Could This New Pain Medication Help Curb The Opioid Crisis?

By Britni de la Cretaz 05/24/17

Some physicians are calling the long-lasting anesthetic a game changer.

a doctor holding an ampule of medication and a syringe.

A pharmaceutical company based in New Jersey has developed a non-narcotic pain medication that it feels could help curb the opioid crisis and change the way doctors treat patients’ pain.

Pacira Pharmaceuticals, the manufacturer of Exparel, claims that—along with reducing patients' exposure to opioids and thereby reducing their addiction risk—the medication can reduce hospitalization lengths and other opioid-specific symptoms like nausea and constipation.

Exparel has been on the market for five years, and "in the next couple of weeks, we will treat our three-millionth patient in the United States," said Pacira CEO Dave Stack, according He added, "There's very little doubt that we have had some modest impact on [the] opioid epidemic."

The drug is a long-lasting anesthetic that is reported to control pain for up to 72 hours following a surgical procedure. It can be injected directly into the surgical site during a surgery and acts as a numbing agent. "It has changed the way I think about treating patients from the beginning until the end," said orthopedic surgeon Dr. Paul Sethi. "I talk about pain medication differently. My patients understand pain medications and the risks differently."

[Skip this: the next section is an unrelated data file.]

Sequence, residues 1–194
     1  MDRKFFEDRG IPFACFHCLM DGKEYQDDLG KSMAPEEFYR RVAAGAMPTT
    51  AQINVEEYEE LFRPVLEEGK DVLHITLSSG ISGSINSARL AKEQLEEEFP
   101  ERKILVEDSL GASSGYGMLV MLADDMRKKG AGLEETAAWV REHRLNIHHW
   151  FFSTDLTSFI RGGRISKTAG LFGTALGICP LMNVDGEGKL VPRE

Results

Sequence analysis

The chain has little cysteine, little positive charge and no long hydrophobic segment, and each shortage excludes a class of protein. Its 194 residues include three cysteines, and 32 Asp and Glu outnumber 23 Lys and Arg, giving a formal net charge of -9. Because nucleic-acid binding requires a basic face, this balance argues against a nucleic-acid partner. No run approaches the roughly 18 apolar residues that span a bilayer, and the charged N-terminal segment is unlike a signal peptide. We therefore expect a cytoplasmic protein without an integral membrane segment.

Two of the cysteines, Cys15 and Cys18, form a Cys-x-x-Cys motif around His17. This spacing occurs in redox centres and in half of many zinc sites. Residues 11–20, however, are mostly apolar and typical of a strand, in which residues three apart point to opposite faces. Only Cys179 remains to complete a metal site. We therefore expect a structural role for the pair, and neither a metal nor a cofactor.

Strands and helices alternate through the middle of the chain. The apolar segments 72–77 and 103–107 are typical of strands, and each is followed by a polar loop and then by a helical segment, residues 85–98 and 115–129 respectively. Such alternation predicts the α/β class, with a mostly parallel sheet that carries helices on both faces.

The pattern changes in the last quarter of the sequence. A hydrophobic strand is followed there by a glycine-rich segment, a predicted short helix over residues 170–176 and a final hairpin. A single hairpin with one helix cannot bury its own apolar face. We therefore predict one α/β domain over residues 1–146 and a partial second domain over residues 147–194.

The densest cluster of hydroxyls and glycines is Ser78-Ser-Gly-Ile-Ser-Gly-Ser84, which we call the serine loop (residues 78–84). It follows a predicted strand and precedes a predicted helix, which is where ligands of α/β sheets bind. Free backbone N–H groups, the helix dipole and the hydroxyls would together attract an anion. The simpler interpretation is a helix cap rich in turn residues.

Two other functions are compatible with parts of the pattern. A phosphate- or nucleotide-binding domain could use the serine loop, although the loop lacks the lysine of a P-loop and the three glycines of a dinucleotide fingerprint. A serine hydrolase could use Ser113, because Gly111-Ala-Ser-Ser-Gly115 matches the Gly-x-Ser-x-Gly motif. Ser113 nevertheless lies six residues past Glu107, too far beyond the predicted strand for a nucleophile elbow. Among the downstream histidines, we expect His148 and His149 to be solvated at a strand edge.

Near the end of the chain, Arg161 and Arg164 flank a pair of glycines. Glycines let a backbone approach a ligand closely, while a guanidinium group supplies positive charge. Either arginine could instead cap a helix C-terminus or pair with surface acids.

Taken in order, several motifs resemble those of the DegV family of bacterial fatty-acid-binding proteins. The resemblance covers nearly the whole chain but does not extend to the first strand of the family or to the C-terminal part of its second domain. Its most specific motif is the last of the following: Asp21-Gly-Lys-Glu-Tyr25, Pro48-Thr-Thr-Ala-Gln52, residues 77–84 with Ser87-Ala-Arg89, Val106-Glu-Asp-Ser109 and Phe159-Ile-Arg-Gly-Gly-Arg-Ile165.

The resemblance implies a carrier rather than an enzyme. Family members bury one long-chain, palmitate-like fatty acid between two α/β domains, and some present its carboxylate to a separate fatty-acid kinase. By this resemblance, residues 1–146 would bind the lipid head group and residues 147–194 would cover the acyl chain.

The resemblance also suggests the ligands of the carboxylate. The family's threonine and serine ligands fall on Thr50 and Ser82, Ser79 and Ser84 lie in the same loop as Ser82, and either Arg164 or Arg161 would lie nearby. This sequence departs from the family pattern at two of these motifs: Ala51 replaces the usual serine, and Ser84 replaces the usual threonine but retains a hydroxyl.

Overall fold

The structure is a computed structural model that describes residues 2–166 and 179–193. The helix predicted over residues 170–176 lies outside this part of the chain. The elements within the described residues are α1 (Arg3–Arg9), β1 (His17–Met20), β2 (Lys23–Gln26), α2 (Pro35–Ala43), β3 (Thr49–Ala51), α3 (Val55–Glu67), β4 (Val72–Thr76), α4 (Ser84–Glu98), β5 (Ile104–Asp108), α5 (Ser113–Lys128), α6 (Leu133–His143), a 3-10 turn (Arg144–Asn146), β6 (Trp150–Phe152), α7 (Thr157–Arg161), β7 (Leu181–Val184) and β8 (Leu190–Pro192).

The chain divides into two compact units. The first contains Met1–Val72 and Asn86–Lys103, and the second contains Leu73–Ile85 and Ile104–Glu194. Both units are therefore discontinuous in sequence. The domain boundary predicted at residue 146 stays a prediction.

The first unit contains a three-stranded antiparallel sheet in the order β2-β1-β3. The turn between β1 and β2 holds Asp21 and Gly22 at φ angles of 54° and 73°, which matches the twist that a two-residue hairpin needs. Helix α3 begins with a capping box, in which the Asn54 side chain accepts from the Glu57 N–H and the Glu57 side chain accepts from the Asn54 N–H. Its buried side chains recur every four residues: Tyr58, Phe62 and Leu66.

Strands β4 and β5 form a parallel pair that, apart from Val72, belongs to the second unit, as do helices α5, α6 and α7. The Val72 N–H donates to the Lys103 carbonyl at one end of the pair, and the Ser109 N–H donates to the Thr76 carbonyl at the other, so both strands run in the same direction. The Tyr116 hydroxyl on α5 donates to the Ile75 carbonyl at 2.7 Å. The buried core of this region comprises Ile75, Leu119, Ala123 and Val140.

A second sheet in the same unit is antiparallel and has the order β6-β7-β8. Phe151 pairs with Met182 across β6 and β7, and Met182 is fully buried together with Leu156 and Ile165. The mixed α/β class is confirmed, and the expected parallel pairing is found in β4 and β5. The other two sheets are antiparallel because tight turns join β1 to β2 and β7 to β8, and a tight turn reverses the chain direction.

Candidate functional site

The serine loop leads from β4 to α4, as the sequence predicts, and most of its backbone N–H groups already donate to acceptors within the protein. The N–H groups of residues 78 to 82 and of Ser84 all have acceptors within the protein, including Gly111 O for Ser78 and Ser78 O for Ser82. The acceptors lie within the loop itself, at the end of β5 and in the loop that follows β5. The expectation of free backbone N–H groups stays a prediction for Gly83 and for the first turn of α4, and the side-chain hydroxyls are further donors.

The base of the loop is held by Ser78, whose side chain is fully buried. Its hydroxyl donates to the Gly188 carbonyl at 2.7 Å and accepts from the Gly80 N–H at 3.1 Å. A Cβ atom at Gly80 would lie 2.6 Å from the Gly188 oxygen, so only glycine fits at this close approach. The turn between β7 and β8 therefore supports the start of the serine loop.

According to WRIC, more than 70 million post-surgical patients are prescribed an opioid painkiller, and 1 in 15 of them use the painkillers long-term, which puts them at risk for addiction or overdose.

But Exparel has not been without controversy. In late 2015, two different studies were released showing that the drug was no more effective than an older form of the treatment, bupivacaine. The difference in price, however, is staggering. The wholesale price for a vial of Exparel costs about $285 versus about $3 for bupivacaine, according to STAT News.

“We’re not saying Exparel didn’t help the patient, and it appears to be a safe drug to use,” said Dr. Rajesh Jain, an orthopedic surgeon at Virtua Health System in Voorhees, New Jersey, who coauthored of one of the studies. “The big issue is if it’s worth the cost. We didn’t find it to be any more effective, so there’s no reason to spend more on an expensive drug.”

But physicians like Sethi feel the drug has been a game changer. "It [has] half my patients for shoulder replacement taking only Tylenol afterwards," he said.

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Britni de la Cretaz is a freelance writer, baseball enthusiast, and recovered alcoholic living in Boston. Follow her on Twitter at @britnidlc.